The reason for the important people having hereditary peerages is that, when it comes to any kind of power, loyalty is more important than exceptional ability. That's not to say that incompetence is OK, but if your system of government depends on having people of exceptional ability, then it's broken. Instead take the most competent people from the pool of those brought up to privilege and loyalty, and if they're not good enough to, say, run a car company, the solution is not to have a government car company. The Victorian meritocratic civil service was exceptionally effective, but it was a step down the wrong road. The motto of the civil service should be "Good Enough for Government Work" (what's that in Latin?)

The idea of the King abdicating in old age is tricky: I've argued against it in the past, because it isn't traditional and it creates uncertainty and possibly faction. I don't think it's really avoidable, though. In the past monarchies had a lot of problems with infertility and with heirs inheriting at a very young age; in the modern world those difficulties should be very rare, but kings partly-incapacitated with age will be more of a problem than ever before. It's more important, though, that there's no authority that can impose it. It has to be the king's own decision.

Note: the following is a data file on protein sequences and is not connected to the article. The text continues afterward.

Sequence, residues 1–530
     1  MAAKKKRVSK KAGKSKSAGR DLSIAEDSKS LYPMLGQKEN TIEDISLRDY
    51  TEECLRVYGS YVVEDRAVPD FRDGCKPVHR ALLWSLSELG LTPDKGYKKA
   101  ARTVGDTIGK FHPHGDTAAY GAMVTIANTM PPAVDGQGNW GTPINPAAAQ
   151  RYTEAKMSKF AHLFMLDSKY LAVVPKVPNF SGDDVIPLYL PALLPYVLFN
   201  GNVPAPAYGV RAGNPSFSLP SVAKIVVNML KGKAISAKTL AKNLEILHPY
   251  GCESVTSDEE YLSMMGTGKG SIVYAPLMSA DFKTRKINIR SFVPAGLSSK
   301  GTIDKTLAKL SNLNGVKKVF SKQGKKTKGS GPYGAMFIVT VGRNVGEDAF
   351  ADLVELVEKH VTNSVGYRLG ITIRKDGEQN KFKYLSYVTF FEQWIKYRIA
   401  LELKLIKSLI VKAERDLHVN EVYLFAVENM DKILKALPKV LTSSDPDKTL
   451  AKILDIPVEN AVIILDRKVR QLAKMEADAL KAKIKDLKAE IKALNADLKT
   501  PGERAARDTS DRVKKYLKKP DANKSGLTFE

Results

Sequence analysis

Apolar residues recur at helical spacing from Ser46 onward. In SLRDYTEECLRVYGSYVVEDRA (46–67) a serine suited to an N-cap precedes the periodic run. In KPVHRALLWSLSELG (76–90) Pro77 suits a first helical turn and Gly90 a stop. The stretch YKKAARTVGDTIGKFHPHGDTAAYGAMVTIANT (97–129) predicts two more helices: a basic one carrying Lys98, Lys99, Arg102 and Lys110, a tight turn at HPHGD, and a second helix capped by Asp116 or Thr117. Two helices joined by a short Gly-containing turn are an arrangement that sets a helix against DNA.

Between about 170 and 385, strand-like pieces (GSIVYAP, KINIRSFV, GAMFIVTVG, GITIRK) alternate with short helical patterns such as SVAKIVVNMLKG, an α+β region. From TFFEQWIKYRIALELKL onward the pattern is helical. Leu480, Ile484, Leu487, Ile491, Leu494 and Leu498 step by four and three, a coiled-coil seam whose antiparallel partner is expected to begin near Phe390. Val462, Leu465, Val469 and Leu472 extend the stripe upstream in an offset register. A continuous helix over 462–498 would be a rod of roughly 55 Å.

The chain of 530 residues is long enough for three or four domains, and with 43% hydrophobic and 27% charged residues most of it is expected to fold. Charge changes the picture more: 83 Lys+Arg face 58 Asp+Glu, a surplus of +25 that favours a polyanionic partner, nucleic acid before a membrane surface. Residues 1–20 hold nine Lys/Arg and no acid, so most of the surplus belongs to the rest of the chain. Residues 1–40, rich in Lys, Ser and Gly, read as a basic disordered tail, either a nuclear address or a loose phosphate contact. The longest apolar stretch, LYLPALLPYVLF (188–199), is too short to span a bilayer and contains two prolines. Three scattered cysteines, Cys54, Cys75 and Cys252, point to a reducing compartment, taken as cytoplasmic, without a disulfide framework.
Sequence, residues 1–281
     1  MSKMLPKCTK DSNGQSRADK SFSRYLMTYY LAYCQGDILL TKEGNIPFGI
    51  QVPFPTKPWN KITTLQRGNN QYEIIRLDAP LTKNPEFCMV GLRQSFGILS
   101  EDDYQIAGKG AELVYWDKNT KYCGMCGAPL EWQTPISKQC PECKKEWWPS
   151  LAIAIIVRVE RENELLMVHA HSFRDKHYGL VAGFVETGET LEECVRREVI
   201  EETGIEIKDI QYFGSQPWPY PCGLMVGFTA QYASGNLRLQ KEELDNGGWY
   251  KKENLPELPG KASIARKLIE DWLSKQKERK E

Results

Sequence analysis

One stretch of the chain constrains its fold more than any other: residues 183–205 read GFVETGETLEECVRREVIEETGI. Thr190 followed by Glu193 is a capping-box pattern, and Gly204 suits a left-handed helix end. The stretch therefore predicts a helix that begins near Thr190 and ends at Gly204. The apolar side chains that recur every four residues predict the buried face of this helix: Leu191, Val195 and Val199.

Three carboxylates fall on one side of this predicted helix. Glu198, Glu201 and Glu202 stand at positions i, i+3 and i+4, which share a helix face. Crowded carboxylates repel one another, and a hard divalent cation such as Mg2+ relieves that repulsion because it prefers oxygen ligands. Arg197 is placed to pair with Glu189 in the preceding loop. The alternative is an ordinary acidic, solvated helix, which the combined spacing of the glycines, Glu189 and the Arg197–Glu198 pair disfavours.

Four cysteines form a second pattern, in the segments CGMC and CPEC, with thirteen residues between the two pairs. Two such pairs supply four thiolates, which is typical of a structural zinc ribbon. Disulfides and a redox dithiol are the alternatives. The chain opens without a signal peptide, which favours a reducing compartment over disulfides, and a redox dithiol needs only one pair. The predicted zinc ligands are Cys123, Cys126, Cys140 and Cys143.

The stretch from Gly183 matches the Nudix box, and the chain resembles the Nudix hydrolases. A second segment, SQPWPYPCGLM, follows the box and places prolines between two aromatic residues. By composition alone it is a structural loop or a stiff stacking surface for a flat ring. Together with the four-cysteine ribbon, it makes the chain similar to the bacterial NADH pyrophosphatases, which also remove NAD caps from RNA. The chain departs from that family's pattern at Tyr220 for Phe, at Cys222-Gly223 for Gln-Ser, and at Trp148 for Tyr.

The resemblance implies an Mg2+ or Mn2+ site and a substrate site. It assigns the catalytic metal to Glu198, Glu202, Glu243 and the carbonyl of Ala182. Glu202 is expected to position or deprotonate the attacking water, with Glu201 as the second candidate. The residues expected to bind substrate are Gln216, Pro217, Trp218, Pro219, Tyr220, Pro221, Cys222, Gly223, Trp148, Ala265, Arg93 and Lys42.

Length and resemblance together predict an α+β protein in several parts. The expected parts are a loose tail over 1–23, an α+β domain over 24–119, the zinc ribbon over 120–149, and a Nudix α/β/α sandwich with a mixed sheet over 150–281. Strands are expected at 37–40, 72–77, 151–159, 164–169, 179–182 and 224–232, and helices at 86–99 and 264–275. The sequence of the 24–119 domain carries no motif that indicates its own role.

I've written before on the idea of the oldest child, male or female, inheriting. Also not traditional, but probably for the best.

My idea for the most senior administrators is that they have already "made it". They are not struggling to hang on another year, they get the wealth and status, and they get to keep them, even if they are replaced.

A lot of this stuff is about public attitude rather than systems. The highest aim of an ambitious person should be to establish a dynasty which will remain important for generations. It's not as easy to see how that works in a modern volatile economy as in an agricultural society where land ownership was reliable long-term wealth.

The point I'm trying to get to is where the King's senior people are insiders rather than players. They work for the system because it is their system and because it is their duty.

The alternative is for them to be professionals rather than aristocrats, consultants rather than politicians, hired on contracts. I don't think that's as desirable, but it may be easier to get to.

The military thing is fairly obvious, I think, given the already existing relationship between the Royal Family and the military. It gives the system extra stability.